# Supplemental: Vector-Valued Differential Forms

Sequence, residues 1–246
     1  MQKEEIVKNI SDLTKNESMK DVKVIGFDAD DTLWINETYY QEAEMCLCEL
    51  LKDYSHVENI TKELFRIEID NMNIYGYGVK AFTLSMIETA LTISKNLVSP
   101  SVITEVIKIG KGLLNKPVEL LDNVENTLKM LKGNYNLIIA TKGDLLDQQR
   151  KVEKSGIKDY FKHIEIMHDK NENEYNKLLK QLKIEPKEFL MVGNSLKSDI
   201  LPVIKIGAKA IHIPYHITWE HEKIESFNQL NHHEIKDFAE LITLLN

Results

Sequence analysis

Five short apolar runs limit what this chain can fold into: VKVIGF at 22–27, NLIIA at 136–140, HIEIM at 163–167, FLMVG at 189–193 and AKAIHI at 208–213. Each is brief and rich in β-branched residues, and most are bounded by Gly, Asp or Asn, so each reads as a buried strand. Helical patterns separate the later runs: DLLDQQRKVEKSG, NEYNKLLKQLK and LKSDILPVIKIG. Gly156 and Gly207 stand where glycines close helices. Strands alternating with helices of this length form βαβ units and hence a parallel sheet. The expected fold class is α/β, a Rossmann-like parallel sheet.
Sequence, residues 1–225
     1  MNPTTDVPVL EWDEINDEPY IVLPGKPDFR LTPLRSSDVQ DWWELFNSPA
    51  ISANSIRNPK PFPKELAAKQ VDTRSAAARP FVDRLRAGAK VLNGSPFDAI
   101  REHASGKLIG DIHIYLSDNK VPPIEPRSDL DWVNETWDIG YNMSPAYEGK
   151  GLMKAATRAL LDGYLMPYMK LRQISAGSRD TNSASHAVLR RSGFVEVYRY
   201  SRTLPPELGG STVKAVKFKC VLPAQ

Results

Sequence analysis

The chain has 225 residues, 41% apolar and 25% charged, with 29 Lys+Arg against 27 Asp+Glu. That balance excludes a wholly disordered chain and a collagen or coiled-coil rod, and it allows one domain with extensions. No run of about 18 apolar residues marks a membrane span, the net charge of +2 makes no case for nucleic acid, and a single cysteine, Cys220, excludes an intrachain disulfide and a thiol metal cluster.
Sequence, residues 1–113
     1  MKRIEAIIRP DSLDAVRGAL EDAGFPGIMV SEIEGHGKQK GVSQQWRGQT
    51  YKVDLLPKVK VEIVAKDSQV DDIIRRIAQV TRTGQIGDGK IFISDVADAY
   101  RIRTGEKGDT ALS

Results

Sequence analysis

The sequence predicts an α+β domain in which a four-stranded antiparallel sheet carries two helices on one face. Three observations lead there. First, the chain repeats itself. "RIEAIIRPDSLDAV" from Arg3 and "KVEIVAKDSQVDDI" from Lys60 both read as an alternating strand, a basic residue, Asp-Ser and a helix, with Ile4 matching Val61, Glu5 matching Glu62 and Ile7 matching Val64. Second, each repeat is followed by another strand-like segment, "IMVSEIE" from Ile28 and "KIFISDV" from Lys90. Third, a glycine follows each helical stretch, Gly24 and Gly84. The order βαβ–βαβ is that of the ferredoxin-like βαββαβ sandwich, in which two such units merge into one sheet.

This short-but-important supplemental lecture introduces some language we’ll need for describing geometry (curves, surfaces, etc.) in terms of differential forms. So far, we’ve said that a differential $k$-form produces a scalar measurement. But when talking about geometry, we often care about quantities that are vector-valued rather than scalar-valued. For instance, positions in $\mathbb{R}^n$, tangents, and normals are all vector-valued quantities. For the most part, all of our operations look pretty much the same as before. The one exception is the wedge product, which in $\mathbb{R}^3$ we now define in terms of the cross product.